MIAMI -- A half-inning after pausing play to accommodate Nelson Cruz's in-game photo request, Yadier Molina offered a show-stopping moment of his own in Tuesday's All-Star Game presented by Mastercard.Molina crushed a solo homer in the sixth that plated the National League's lone run in a 2-1, 10-inning loss and
MIAMI -- A half-inning after pausing play to accommodate Nelson Cruz's in-game photo request, Yadier Molina offered a show-stopping moment of his own in Tuesday's All-Star Game presented by Mastercard.
Molina crushed a solo homer in the sixth that plated the National League's lone run in a 2-1, 10-inning loss and made him the oldest catcher to go deep in an All-Star Game. Molina, two days shy of his 35th birthday, took that distinction away from Yogi Berra, who was 34 years and 83 days old when he homered in the 1959 All-Star Game.
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"When you're in the All-Star Game and facing good players, superstar players, and you get a hit like that, it's a great moment," Molina said afterward.
His night was dotted with great moments, beginning with a ceremony that honored some of the game's best Latin-born players. It concluded with Molina catching a ceremonial first pitch thrown by one of the sons of Puerto Rican great Roberto Clemente.
After watching Carlos Martinez throw two scoreless innings, Molina, wearing a gold-plated chest protector and golden mask for the occasion, replaced Buster Posey behind the plate in the sixth. He was unaware that he'd soon be asked to handle a photography request.
Cruz came to the plate with his phone and asked Molina if he'd snap a quick photo of him with home-plate umpire Joe West, who recently worked his 5,000th Major League game. Molina obliged and, of course, squatted to frame the perfect shot.
"That was weird, huh?" Molina said. "It was funny, too. Weird and funny. He asked me for a picture and I was like, 'Are you serious?' He was like, 'Yeah, yeah.' So I said, 'OK.' I took two."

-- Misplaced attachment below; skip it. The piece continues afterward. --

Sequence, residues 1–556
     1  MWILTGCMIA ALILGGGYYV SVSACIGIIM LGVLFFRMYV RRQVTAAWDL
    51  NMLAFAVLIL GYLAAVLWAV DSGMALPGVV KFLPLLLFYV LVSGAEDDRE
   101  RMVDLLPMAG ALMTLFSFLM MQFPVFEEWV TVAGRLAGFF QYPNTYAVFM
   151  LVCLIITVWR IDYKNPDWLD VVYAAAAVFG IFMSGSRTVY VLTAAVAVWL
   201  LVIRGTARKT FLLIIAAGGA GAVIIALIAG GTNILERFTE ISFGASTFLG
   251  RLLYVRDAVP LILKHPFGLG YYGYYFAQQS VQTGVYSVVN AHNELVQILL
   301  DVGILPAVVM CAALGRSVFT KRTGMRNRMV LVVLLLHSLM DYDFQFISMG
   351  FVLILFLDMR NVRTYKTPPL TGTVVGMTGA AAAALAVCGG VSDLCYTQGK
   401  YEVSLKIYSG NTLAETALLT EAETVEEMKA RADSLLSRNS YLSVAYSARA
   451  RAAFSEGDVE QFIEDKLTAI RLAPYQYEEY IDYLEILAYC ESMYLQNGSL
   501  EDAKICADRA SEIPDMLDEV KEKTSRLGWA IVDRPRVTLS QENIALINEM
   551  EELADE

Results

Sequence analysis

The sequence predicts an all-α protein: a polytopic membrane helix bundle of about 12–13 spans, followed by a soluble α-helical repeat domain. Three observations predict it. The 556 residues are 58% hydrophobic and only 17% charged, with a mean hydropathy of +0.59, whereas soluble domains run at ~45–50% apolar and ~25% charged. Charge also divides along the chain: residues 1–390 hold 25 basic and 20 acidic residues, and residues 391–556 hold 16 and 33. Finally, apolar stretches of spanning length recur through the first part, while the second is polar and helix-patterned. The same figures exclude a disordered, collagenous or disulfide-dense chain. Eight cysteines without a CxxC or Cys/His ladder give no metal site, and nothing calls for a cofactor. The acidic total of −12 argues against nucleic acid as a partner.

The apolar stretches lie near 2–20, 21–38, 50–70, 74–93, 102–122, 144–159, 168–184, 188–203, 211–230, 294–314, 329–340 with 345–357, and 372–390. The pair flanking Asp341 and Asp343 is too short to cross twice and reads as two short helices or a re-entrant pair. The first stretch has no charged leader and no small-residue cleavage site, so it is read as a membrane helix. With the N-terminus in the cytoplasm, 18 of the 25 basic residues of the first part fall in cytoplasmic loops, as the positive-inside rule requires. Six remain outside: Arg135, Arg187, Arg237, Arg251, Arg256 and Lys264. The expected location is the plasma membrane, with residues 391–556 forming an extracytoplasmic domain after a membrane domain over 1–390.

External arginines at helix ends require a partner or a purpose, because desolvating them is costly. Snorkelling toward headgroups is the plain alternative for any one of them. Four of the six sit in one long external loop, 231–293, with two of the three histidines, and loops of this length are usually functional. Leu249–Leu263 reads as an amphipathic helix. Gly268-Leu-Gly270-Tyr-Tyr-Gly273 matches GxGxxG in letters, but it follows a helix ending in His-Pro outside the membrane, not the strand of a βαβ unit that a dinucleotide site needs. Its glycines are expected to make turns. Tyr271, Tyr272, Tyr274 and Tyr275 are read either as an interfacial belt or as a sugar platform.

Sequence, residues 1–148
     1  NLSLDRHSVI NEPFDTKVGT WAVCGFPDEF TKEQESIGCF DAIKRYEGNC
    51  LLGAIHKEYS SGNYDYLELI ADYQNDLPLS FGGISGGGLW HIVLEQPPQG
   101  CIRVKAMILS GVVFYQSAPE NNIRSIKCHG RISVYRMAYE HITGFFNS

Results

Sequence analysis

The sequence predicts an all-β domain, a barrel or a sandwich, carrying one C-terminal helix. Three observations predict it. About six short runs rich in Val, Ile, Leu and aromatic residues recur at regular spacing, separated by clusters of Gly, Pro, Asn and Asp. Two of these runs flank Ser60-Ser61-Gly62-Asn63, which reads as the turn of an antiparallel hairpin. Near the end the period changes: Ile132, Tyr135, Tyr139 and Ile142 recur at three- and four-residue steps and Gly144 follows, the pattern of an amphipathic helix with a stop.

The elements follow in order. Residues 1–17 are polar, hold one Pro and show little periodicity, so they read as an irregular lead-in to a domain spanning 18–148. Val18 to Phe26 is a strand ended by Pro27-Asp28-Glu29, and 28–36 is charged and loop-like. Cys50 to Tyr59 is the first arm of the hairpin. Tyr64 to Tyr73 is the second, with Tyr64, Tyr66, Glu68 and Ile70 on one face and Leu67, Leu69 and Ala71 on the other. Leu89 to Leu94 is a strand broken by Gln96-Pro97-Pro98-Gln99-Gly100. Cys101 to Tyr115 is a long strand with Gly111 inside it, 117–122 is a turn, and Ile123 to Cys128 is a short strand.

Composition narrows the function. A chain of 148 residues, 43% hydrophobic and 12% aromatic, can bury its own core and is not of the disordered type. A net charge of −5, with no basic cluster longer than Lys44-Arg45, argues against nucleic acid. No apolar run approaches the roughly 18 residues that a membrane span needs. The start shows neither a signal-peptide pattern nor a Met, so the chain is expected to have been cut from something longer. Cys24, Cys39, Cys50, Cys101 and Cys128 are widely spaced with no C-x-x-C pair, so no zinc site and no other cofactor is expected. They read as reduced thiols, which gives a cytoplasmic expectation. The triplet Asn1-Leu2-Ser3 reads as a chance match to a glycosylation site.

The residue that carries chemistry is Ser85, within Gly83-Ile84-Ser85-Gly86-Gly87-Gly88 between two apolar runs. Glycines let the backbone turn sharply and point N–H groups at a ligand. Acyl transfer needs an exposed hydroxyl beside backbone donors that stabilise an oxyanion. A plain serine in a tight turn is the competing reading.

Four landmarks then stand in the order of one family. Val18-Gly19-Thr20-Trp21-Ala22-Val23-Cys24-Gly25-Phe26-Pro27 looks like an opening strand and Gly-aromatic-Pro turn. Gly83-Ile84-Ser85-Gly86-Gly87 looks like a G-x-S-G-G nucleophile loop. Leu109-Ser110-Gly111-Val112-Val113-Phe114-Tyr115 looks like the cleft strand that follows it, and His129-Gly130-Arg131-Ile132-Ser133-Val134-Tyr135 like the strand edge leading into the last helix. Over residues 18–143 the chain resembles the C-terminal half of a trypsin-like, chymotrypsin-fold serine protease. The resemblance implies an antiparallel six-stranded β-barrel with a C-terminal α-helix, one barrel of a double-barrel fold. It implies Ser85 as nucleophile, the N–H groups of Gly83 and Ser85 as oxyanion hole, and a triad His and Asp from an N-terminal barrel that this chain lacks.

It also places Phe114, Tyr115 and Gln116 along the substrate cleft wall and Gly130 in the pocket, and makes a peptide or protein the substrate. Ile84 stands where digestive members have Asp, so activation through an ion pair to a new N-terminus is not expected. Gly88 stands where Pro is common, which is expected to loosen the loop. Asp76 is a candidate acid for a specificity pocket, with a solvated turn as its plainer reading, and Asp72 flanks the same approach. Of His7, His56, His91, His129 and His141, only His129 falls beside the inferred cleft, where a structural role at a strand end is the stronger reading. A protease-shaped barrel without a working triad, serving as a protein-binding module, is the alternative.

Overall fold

Capping his memorable night, Molina took Twins pitcher Ervin Santana deep in the bottom half of the inning with his first opposite-field blast of the season. He became the sixth Cardinal to homer in an All-Star Game and the first since Reggie Smith in 1974.
The eight-time All-Star smiled as he rounded the bases, saying afterward that he "felt like a little kid" in that moment. He received a slap on the back from American League shortstop Francisco Lindor, who was a teammate of Molina's during the March World Baseball Classic, and acknowledged his family as he neared home.
Molina had approximately 20 friends and family, including several who had flown in from Puerto Rico, in attendance at Marlins Park.
He remained behind the plate for the remainder of the 10-inning game and came 90 feet shy of scoring the winning run after opening the ninth with a leadoff walk.
Because of the setting, his contributions and the ceremony, Molina noted that, behind the 2009 All-Star Game in St. Louis, this was the most enjoyable Midsummer Classic of which he's been a part.
"I really liked it," said Molina, now 5-for-8 in All-Star Games. "I did have fun. I learned a lot here. This was one of the best ones."
Jenifer Langosch has covered the Cardinals for MLB.com since 2012, and previously covered the Pirates from 2007-11. Follow her on Twitter, and Facebook.